I guess I meant “the club to which I belong,” but the moment passed and I gave up my membership anyway, not out of shame, but because you don’t need a membership to sail, something you golfers might want to note.

It was Groucho Marx that said, “I'd never join a club that would allow a person like me to become a member.” And as funny as that line is, it points to the truth that we have a healthy ambivalence about being in or out, member or non-member, part of the club or forever on the outside.

So what do we do with John 10? A good commentary will note that the passage Joyce read has two parts. In the first part, Jesus is the shepherd, who enters the sheepfold, and speaks to the sheep. The sheep know the shepherd’s voice, and they follow him. They will not follow a stranger’s voice, a voice they do not know, only the voice of the shepherd.

In the second part, Jesus is the gate, stating it twice in three verses, and using the “ego eimi” (I am) formulation that reminds us to pay attention, to note that this idea is foundational to Jesus’ self-understanding. So Jesus is the shepherd, but he is also the gate, a somewhat confusing passage that has tripped up many a preacher through the ages.

The simple solution, for this passage, is to assign the role of shepherd to God and follow the “I am” clue, making Jesus the gate. And this certainly fits with the other assigned lesson for the day, with Psalm 23 (“The Lord is my shepherd”) underlining that for John 10, at least, it is the God that the sheep follow, through the gate, that is Jesus Christ.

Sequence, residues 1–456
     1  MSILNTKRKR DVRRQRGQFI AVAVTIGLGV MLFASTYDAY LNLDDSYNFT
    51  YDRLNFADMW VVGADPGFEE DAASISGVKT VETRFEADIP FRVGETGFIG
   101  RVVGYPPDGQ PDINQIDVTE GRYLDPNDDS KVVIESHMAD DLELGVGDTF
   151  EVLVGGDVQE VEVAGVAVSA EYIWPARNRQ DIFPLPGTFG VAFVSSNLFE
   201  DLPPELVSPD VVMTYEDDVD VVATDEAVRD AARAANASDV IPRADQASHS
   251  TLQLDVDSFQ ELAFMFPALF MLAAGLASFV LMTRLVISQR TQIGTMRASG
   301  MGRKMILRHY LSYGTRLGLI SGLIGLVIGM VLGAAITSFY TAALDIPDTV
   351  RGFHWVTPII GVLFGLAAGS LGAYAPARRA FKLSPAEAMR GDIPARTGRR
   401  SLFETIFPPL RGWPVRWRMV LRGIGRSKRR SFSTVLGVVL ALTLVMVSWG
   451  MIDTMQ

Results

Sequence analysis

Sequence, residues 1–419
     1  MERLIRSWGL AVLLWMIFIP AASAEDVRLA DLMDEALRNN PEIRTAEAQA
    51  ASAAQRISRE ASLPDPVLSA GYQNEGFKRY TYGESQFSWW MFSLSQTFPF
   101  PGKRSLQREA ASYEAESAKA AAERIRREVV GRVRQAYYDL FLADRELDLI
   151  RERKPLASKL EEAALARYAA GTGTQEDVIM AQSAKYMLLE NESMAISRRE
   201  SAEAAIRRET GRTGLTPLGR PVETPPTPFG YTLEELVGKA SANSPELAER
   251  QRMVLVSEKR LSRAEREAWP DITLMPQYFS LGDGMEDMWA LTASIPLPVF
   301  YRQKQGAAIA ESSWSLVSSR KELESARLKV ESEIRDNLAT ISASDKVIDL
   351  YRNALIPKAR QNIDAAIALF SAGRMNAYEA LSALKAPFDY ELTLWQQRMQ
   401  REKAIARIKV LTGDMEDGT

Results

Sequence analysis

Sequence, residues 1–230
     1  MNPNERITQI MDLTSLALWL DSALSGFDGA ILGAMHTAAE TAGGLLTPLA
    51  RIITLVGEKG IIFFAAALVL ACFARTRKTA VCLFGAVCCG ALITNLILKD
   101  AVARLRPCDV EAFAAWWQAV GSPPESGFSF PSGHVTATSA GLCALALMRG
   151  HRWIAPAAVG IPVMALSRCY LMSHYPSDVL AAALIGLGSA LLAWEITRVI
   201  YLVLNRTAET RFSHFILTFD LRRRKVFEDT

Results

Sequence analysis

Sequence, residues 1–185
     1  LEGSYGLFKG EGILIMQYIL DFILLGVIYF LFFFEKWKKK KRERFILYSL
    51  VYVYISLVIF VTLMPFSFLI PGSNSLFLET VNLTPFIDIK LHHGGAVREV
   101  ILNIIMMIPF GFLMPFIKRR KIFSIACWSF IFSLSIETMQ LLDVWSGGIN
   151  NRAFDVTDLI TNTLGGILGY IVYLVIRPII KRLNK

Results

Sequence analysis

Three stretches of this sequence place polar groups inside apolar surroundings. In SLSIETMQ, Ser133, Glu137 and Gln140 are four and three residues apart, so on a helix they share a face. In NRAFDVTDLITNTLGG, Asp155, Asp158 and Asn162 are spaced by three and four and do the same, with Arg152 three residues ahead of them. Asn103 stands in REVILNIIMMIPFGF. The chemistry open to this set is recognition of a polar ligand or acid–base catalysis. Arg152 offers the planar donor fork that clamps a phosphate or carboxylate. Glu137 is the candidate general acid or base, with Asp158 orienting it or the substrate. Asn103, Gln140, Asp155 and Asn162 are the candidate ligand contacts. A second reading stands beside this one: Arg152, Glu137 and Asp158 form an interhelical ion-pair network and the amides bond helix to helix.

And this certainly fits with that other very famous passage in John, where Jesus is the ‘way, the truth and the life, and no one gets to the Father except through me.’ John 14 is perhaps the clearest statement of Jesus as gatekeeper, certainly on par with saying “I am the gate.”

But once again, we are ambivalent. We have learned, in this post-modern age, that truth claims are tricky and saying Jesus is the only way to salvation excludes four or so billion others who have their own version of the truth. And so, in the spirit of the age, we correctly say that our truth may not be their truth, and that all roads (with a few nasty exceptions) can be said to lead to God.

And it even fits with our revised understanding of the Gospel of John. It was the last to be written. It was the book written at the peak of a competition between emerging church and existing synagogue and therefore it reflects the politics of the day. “Religious leaders” become “Jewish leaders,” even though everyone in the story was Jewish, and John even goes so far to have the chief priests say “we have no king but Caesar,” something they would never say.

So the context determines the nature of the claims made, so we can support some and retire others, but we are left with the gatekeeper Jesus and his role in our life together. Now it gets really muddy.

I don’t tend to read the National Post, but I followed a link, and read an article published yesterday on the emerging split in the United Church. A couple of things first: split is an intentional over-statement, I think, but you will need to read the article for yourself and decide. Next, the National Post is famous for highlighting problems with the United Church, most often the church’s approach to the State of Israel, and occasionally on social issues.

The split, as described in the article, is between the theists and the post-theists, the people in the church who continue to believe in God and those who have moved on. Not moved on from the church, mind you, but moved on from a belief in God and continue to exercise leadership in the church.

For most people, particularly people outside the church, this is one of those scratch you head, “what the heck” kind of ideas that belongs in the “oddly enough” section of the newspaper and not the religion section. It begs the question why someone who no longer ascribes to the core beliefs of the church would choose to remain in the church, and to that I can only say ‘we live in strange days.’